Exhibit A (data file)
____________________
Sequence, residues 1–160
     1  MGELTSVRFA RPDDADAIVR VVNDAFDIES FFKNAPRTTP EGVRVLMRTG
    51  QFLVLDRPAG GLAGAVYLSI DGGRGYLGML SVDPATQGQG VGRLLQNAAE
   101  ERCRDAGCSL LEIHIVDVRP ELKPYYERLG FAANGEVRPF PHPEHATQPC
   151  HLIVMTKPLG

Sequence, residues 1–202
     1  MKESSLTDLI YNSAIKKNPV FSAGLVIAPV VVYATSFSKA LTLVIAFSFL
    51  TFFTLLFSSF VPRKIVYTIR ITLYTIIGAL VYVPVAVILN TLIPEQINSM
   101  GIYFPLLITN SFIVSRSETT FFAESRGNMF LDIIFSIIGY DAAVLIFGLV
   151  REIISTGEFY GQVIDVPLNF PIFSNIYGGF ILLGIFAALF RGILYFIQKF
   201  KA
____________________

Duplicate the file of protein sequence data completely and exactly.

Sequence, residues 1–160
     1  MGELTSVRFA RPDDADAIVR VVNDAFDIES FFKNAPRTTP EGVRVLMRTG
    51  QFLVLDRPAG GLAGAVYLSI DGGRGYLGML SVDPATQGQG VGRLLQNAAE
   101  ERCRDAGCSL LEIHIVDVRP ELKPYYERLG FAANGEVRPF PHPEHATQPC
   151  HLIVMTKPLG

Sequence, residues 1–202
     1  MKESSLTDLI YNSAIKKNPV FSAGLVIAPV VVYATSFSKA LTLVIAFSFL
    51  TFFTLLFSSF VPRKIVYTIR ITLYTIIGAL VYVPVAVILN TLIPEQINSM
   101  GIYFPLLITN SFIVSRSETT FFAESRGNMF LDIIFSIIGY DAAVLIFGLV
   151  REIISTGEFY GQVIDVPLNF PIFSNIYGGF ILLGIFAALF RGILYFIQKF
   201  KA